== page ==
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Poor hygeine blamed for M’kiri deaths

THREE men in Mondulkiri province died on Friday after contracting acute watery diarrhoea (AWD), and five others have been sent to hospital, officials said.

Len Vanna, head of the Keo Seima district council, said another death had been recorded last Wednesday.

He said the five hospitalised patients – including his 39-year-old brother – had been sent to hospital in Vietnam.

“The five other villagers were sent to Vietnam, which is close to the border, including my brother, whose life probably can’t be saved because his situation is very critical,” he said.

The three men who died on Friday were all in their 50s, he said, and added that their illnesses were likely the result of poor hygiene and a lack of sanitation among villagers when consuming food and water.

Meanwhile, officials in Pursat province said Sunday that a separate outbreak of AWD in Koh Andeth district led to the hospitalisation of 24 people, 18 of whom are in critical condition.

Keo Sangphalbon, the director of the referral hospital in Pursat’s Bakan district, said officials there planned to test samples from the deceased.

“We haven’t taken their tests yet, but provincial health officials have been to the place and concluded that it is a serious [type of] diarrhoea which is similar to cholera,” he said.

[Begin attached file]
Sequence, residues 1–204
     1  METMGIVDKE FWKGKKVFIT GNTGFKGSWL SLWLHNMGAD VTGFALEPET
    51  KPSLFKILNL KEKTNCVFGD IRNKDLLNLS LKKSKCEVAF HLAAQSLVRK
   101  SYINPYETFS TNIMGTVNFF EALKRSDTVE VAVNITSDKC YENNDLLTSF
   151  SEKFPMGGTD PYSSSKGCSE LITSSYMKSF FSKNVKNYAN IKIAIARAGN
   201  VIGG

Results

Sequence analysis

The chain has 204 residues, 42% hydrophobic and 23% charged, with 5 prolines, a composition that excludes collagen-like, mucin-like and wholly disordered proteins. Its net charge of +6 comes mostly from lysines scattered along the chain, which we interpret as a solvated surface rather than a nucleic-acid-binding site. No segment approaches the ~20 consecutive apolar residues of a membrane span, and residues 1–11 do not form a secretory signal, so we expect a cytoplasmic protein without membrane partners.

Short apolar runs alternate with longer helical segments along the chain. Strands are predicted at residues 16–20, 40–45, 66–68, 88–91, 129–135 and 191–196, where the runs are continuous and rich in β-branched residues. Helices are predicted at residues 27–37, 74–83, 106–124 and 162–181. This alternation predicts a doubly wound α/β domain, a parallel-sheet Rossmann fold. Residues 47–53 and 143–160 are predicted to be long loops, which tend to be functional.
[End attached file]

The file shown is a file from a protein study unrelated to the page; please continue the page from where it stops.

The latest reports continue an ongoing spate of AWD outbreaks in a handful of provinces across the country, including one that claimed two more lives in Ratanakkiri last week.

Hoy Vannara, head of Ratanakkiri’s Communicable Diseases Control Department, said Sunday that the latest deaths brought the toll for the year to 22 in that province, and that there had been 700 reported cases.

Dr Nima Asgari, public health specialist for the World Health Organization, said Sunday that the government has taken significant steps to curb diarrhoea outbreaks, but noted that there are significant challenges to ensuring the campaign’s success.

“At the moment [the most important thing] is to get the right messages to the write people at the right time and that is always the problem with health campaigns,” he said.

“The government is doing a lot, and when people actually get to health centres, very few die. The problem is making sure they get to the health centres early enough,” he added.

Sok Touch, director of the Communicable Diseases Control Department at the Ministry of Health, could not be reached for comment on Sunday.

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